Gotta say, I have no more patience for so-called vaccine skeptics, and I’m fast losing any empathy for those U.S.-based who are getting sick with the Delta variant. They really did have their chance. Any adult in the U.S. who had wanted to get vaccinated a month or two ago could have done so with relative ease.
So what is happening now?—new restrictions, mandates, hospitalizations, deaths. They say I should start wearing a mask again, and why? To protect those people, those vaccine skeptics. I call them freeloaders, freeloading on an otherwise responsible society. I should know. For most of my childhood, I too was a freeloader. I was an unvaccinated, Christian Science-raised, I’m special, they’re-abridging-my-freedom-of-religion freeloader.
Of course, it didn’t matter back then, there were no consequences, because everyone around me was vaccinated. While they abided by public school mandates to get their shots, my mom submitted her religious objection paperwork for me and my sister annually. We didn’t get vaccinated, you see, because as Christian Scientists we relied on prayer for healing—God created man in his image and likeness, which meant that if God is a perfect spiritual being, so then were we, which meant no thank you, we didn’t need to get those shots in arms, those triumphs of modern medicine, which eradicated polio and virtually eradicated measles. We got our chickenpox the old-fashioned way, and dealt with it just like everyone else: with a week in bed and lots of popsicles.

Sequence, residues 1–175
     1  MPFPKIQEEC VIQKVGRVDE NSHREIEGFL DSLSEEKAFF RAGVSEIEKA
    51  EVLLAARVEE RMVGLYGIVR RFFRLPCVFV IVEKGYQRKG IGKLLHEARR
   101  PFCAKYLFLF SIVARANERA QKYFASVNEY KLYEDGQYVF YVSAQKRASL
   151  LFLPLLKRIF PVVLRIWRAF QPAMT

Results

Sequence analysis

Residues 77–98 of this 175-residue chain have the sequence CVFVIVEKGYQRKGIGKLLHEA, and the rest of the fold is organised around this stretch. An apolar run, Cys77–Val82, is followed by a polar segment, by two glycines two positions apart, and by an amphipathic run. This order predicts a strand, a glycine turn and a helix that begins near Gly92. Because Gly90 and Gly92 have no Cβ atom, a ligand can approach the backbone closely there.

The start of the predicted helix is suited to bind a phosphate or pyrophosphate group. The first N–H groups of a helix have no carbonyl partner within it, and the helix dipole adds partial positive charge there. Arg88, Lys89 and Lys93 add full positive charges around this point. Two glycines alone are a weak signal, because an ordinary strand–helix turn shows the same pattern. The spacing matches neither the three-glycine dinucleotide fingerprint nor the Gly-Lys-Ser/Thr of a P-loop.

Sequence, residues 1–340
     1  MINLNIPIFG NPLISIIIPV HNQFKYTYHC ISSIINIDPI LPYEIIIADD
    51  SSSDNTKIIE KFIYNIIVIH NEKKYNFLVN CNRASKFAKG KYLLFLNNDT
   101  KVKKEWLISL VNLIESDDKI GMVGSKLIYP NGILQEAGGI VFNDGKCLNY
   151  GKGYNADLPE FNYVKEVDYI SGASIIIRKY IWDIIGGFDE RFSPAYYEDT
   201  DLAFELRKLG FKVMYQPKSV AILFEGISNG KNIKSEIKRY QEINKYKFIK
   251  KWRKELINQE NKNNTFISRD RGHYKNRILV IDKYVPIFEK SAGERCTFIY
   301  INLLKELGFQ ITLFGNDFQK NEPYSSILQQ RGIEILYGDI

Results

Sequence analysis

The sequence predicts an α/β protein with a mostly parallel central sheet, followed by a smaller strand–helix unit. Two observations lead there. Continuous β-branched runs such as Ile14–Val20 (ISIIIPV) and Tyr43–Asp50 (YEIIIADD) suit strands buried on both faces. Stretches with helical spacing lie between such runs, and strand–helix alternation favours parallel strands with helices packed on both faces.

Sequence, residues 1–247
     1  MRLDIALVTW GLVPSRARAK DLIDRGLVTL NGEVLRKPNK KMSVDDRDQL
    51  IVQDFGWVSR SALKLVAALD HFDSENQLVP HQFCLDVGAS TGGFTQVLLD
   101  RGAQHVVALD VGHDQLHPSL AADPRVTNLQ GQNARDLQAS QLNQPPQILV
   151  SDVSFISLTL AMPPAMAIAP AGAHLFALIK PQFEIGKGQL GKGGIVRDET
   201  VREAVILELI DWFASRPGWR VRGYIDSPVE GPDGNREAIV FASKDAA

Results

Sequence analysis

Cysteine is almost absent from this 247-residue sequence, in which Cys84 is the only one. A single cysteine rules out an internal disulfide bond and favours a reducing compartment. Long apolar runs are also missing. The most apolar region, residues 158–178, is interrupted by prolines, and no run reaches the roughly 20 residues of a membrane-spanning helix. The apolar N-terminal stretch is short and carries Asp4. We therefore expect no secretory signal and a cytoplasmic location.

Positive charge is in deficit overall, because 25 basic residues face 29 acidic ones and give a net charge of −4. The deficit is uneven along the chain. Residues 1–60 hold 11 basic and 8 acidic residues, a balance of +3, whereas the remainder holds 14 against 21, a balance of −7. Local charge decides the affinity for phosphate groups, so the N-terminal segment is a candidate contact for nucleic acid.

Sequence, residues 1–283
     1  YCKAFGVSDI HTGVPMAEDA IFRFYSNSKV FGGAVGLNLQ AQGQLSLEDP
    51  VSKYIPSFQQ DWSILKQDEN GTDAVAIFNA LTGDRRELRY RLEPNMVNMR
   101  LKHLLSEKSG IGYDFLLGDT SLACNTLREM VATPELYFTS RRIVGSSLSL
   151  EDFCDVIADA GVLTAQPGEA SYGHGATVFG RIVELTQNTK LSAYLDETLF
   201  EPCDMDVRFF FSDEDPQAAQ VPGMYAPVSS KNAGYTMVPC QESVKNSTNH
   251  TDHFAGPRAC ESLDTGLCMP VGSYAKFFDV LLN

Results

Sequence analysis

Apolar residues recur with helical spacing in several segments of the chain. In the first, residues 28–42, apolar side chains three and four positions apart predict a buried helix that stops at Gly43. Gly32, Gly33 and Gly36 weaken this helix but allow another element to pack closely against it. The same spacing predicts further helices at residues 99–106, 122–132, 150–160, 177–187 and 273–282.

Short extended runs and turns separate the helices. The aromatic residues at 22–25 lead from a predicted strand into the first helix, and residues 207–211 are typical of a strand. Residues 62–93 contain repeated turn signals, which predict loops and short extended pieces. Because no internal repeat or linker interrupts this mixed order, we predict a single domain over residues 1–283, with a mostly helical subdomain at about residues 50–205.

Later, of course, my sister did get the measles. She was coming back from a trip to the UK and feeling kind of flu-like when she landed in DC. The idea was she would visit me there for a few days before flying home to New Mexico, but mostly she stayed in bed while I brought her a lot of tea and vitamin C. During a brief interlude when she felt halfway decent, we took the bus from Georgetown over to Dupont, then another up 16th St. to Columbia Heights where I went to look at a house with a room I wanted to rent. Later, I had to trace that route for the public health professional assigned to our case.
Two days later I sent my sister to the airport. She laid over in Denver, then flew to Albuquerque, where she was on the verge of collapse. She was hospitalized that day with measles, and stayed hospitalized for the better part of a week. The public health official in New Mexico called the one in Denver and the one in D.C., and the one in D.C. came to my apartment to take down the travel history so they could launch a public information campaign to alert anyone who may have been on either of the two buses we took while she was contagious.
I was still feeling fine at that point. I never did get the measles. But the public health lady gave me an ultimatum, which, I discovered, was more than backed up by relevant case law: either I quarantine in my apartment for two weeks (I would need to get groceries delivered), or I go right then and there at that moment to the Georgetown hospital to get the MMR vaccine.